Rarely is the same thing made twice in our household. Even the same stand-by recipes are continually re-invented with varying ingredients and spice profiles – the backbones of some kitchen jazz improvisation. And then there’s this bread. It’s the single recipe I stick to with consistency as it’s the pantry staple all members of the family have come to expect. It took six years of practice and experimentation to arrive at this junction of function, flavor and nutrition and I consider it pretty much a crowning achievement on par with what any artisanal bakery can crank out. It’s not all mine though. Sarah Owens and her award-winning book Sourdough were pivotal in helping me improve my technique and relationship with breadmaking. This recipe is a veganized and adapted version of the base for her ‘Smoky Chili Bread’. As with Amy Chaplin and Madhur Jaffrey – she’s a cooking idol I hope and dream to one day meet in person!
Yield: 2 loaves
What you need for the leaven:
- 85g integral (whole grain whole wheat) bread flour
- 30g full hydration sourdough starter (from your pot)
- 60g water (roughly body temperature or a bit warmer)
What you need for the dough:
- all the leaven
- 520g water (roughly body temperature or a bit warmer)
- 45g brown rice syrup (barley malt also works but tastes stronger)
- 525g integral (whole grain whole wheat) bread flour
- 70g whole teff (NOT the flour, the grains are what you want)
- 100g whole spelt or whole barley flour
- 17g salt
What you do (basically: for a detailed instruction on making bread and dealing with sourdough – it’s best to consult a good book like Sarah Owens’ Sourdough. And please, read through the whole recipe before proceeding so you have an idea of the gear and timing for this since it’s definitely slow food):
- Eight to ten hours before you want to mix the dough, mix together all the leaven ingredients in your bread making bowl. Cover tightly and let it get puffy and active.
- Once the eight to ten hours have elapsed, no need to be too precise about it, measure the warm water and brown rice syrup into the bowl with the leaven. Using your hand (gloved if desired), mix everything to form a smooth slurry and dissolve the syrup.
- Weigh in the two kinds of flour and the whole teff. Use your hand to mix together the dough until all the flour is evenly hydrated (wet). The dough will be significantly looser and wetter than a yeasted bread dough – that’s normal and okay – it’s how you ensure a nice tender loaf, it does require a bit of practice to work with however.
- Cover the bowl and let the dough sit for 20 minutes or so.
- Uncover, measure in the salt and mix thoroughly by hand (stretching and folding a few dozen times in the bowl works well). If you don’t know what stretching and folding is, you can read and watch more about it here.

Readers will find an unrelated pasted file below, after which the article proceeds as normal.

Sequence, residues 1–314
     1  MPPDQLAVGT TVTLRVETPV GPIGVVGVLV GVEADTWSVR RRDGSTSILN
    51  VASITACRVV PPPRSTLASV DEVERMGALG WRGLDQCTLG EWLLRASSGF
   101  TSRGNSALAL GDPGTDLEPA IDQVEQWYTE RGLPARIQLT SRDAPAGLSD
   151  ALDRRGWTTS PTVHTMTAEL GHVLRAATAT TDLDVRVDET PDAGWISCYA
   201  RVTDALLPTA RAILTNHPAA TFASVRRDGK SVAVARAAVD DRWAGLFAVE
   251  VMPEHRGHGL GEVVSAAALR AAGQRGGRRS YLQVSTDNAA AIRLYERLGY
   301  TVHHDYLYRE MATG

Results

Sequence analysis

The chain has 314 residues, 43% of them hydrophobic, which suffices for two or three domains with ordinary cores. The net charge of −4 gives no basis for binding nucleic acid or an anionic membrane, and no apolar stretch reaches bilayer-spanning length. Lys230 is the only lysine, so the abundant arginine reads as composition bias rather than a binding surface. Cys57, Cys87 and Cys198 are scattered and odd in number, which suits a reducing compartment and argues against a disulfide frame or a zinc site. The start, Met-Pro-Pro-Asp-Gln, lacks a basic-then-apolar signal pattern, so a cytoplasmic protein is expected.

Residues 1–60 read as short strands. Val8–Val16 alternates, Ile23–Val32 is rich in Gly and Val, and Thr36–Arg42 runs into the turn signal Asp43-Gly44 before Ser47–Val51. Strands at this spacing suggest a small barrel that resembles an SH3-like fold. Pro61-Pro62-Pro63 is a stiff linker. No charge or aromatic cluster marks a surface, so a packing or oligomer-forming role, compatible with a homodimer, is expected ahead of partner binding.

- Let the dough bulk rise for 3 to 4 hours, stretching and folding every 1/2 hour to 45 minutes (in the bowl – it goes faster and reduces on the counter space required…). Cover the bowl and keep it in a warm and draft-free place (like above the fridge) between interventions.
- When the dough has roughly doubled in size, turn it out onto a floured countertop. Divide it into two roughly equal pieces. Pre-shape into a round or oblong shape (the picture shows four because I usually double the recipe). Let the dough rest, covered by a damp towel and perhaps a plastic bag for 10 minutes to 1/2 an hour.
- Once the dough has rested, do a final shape and place it seam side up in a floured banneton. For a tutorial on shaping bread, click here.
- Pop the prepared loaves (in their bannetons) into the fridge for about 8 hours, covered by a towel and wrapped in a plastic bag. You can go longer, but I find that if you do the dough tends to overrise a bit and the oven spring isn’t so hot.
- After 8 hours have elapsed, pre-heat a baking stone in the oven at 500 F for at least an hour. During that hour, bring the loaves out of the fridge (or at least one of them) and let come to room temperature, covered.
- To bake, flip the bread over (seam side down now) onto a peel dusted with semolina or corn grits (you can use flour too, but it doesn’t work as well to keep the loaf from sticking). Slash the top of the loaf a few times and quickly transfer to the stone. At this point you need to have a spray bottle filled with warm water ready. Spray the top of the loaf and sides of the oven quickly but generously and close the oven door. Wait 2 or 3 minutes and spray the heck out of everything again going as fast as possible. Now let the loaf cook 5 minutes or so before reducing the heat to 450F. Continue cooking, between 20 and 30 minutes, until the loaf is deeply browned and sounds hollow when tapped. Remove from the oven to a baking rack and repeat with the second loaf.
- Let cool completely (overnight ideally) before cutting. You may be tempted to cut in before – don’t. The bread finished cooking and the crumb sets during cooling, if you cut in before it won’t do that.